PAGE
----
Ignored, Shunned, and Invisible: How the Label "Retarded" Has Denied Freedom and Dignity to Millions

Ignored, Shunned, and Invisible: How the Label "Retarded" Has Denied Freedom and Dignity to Millions

Ignored, Shunned, and Invisible: How the Label "Retarded" Has Denied Freedom and Dignity to Millions

Ignored, Shunned, and Invisible: How the Label "Retarded" Has Denied Freedom and Dignity to Millions

Synopsis

A gripping exploration of mental retardation told through historical vignettes and through the life of one man, Jonathan Lovelace, whose life was marred by needless institutionalization and sterilization, and his experiences after being sent back into a world for which he was unprepared after 25 years of institutionalization.

Excerpt

No man is an Iland, intire of it self; every man is a piece of the continent,
a part of the main.

—John Donne, Devotions upon Emergent Occasions

Historically, segregation and social isolation have been recurring responses to people who are considered defective or deficient in some way. People tend to keep social and physical distance from those they consider to be too different from themselves; too different from the social norms and values they embrace. A society that believes that having a home is essential to normal human life will view homeless people as being deviant, and it will distance them socially from its other members. A society that expects its members to be selfsufficient will look down on and isolate those who are too dependent on others. A society that worships youth will revile old people. A society obsessed with physical and psychological perfection will seek ways to quarantine those who are considered imperfect.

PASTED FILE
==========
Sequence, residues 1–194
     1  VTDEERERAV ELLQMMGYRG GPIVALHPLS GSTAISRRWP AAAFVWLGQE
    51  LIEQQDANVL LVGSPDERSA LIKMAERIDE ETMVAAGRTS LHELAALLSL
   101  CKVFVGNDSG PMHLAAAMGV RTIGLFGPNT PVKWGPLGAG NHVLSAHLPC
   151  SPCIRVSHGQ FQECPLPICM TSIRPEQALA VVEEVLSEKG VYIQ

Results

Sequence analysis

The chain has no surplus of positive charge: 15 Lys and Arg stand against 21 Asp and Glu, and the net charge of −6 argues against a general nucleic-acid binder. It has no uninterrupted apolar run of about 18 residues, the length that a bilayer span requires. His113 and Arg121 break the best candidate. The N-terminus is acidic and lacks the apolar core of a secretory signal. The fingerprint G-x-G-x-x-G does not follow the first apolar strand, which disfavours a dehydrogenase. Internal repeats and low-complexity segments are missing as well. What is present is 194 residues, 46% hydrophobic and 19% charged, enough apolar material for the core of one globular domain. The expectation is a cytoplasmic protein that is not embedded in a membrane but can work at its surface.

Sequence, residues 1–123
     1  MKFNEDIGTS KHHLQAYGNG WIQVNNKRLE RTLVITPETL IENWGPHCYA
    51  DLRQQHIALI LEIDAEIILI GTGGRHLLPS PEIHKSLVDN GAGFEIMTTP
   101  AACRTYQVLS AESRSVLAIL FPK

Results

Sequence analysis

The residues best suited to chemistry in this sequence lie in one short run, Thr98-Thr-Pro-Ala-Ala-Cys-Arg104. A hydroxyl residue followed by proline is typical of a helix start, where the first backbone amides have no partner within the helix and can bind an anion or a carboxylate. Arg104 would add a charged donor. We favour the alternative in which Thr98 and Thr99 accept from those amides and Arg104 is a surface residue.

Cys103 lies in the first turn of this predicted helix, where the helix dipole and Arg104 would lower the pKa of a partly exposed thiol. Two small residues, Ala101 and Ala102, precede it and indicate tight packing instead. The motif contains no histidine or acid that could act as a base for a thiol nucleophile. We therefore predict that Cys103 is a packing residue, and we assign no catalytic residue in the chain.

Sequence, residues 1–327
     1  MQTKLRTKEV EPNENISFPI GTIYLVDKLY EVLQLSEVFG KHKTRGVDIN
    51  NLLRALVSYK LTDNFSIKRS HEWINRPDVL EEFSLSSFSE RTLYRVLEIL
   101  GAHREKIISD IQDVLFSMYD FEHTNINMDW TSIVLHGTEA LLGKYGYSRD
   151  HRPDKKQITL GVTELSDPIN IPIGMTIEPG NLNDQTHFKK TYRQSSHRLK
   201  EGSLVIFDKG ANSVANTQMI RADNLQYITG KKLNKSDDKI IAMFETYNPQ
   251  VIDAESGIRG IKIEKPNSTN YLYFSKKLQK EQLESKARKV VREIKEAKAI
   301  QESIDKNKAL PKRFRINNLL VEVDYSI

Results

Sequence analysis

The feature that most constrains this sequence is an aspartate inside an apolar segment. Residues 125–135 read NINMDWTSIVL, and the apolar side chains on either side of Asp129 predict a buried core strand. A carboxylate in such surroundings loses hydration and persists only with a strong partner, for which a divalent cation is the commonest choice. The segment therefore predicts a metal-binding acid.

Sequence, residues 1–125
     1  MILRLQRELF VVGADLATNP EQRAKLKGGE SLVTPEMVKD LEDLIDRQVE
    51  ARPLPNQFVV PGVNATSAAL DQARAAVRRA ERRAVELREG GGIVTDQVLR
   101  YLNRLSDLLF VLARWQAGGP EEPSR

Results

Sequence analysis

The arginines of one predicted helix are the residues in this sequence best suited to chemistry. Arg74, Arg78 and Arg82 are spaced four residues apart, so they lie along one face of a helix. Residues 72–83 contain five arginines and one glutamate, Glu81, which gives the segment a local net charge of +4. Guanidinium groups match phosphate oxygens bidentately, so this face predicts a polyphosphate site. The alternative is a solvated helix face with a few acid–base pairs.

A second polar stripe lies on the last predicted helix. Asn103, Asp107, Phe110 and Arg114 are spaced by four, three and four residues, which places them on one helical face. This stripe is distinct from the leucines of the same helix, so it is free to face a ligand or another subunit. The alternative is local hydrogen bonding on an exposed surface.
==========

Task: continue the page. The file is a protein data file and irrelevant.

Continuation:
This book is a collection of stories about the struggle that people with the label mental retardation face as they try to connect with the society in which they live, and the reluctance of that society to let them do so. It is also a biography of one man who spent a lifetime on isolated social shores. It is a tale of the ways in which he was often ignored, regularly avoided, and treated as less than a person. The ebb and flow of social policies and practices regarding people with disabilities will be examined through the lens of his life experiences.

The book is also a story of our society, of our parents, friends, and teachers; those who in many cases encouraged us to be kind and generous to others. It is a story about the society that continues to promote values that sometimes inspire us, sometimes challenge us, and sometimes tell us to look the other way when facing unsettling human differences or disturbing human need.

The isolated person, the metaphorical island to which each chapter will return, is John Lovelace. He lived 70 years, and for all of his life his identity was that of a person who was mentally retarded. I use . . .

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